The bottom-line is that major innovations take decades to evolve and work their way through the markets. The process was first explained in the technology adoption lifecycle, a model that emerged in the ’50s and has since been refined by contributions from Geoffrey Moore and others who explain the process with graphs like this one from Crossing the Chasm.
We are living in the first days of the Age of Cleantech, the sixth industrial revolution. The media is chock full of stories about how wind and solar power will change the way we generate electricity, the smart grid will change the way we distribute and use electricity, vehicle electrification will free us from pollution and the tyranny of imported oil, and energy storage will be the keystone – an enabling technology that makes all the other advances possible. What the news stories don’t tell us, because frankly nobody knows, is when these technological marvels will hit their stride and make a meaningful difference in the way we live. To help put things into perspective I’ve used data from a press release teaser for the American Wind Energy Association’s annual market report for 2009 to create a graph of the annual and cumulative changes in U.S. wind power capacity over the last 15 years.
The first use of a large windmill to generate electricity was a system built in Cleveland, Ohio, in 1888 by Charles F. Brush. If you only consider the cumulative values since 1995 the growth seems pretty stable. If you think about the hundred and twenty year history of wind and study the annual additions and other data from the teaser, it becomes clear that wind power didn’t transition out of the innovators stage until 2004, and then it took another three years to reach the early majority stage.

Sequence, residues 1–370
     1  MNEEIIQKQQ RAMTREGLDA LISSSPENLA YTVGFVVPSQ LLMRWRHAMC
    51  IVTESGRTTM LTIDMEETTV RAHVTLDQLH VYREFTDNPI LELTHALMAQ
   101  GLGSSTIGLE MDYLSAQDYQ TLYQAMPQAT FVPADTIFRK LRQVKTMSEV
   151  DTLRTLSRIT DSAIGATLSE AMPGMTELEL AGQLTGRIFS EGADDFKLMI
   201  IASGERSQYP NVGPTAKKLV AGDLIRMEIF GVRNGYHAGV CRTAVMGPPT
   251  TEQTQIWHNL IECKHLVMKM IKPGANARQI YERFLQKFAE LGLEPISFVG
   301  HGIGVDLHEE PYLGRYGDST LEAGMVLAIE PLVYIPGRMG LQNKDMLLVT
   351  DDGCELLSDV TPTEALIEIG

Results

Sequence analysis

A similar trend is clear in the 10-year history of the HEV market, as shown by the following graph from hybridcars.com.
Viewed in isolation, HEVs have built an impressive growth history. Viewed as a segment of the larger market, they’re just beginning to scratch the surface with 2009 numbers that represented 2.8% of light duty vehicle sales. Returning to the technology adoption lifecycle, HEVs are just now transitioning out of the innovators stage and into the early adopters stage. Plug-in vehicles, in comparison, are at the earliest possible point on the curve. I’m very optimistic about the future of HEVs because they’ve already demonstrated a decade of consistent growth and built a solid core of satisfied consumers. I’m less sanguine about plug-in vehicles because they have no track record and even their strongest advocates acknowledge insurmountable obstacles to widespread vehicle electrification over the next decade including:
- The high cost of batteries;
- The lack of recharging infrastructure;
- Capacity, regulatory and coordination problems in the electric power sector; and
- Consumer acceptance issues.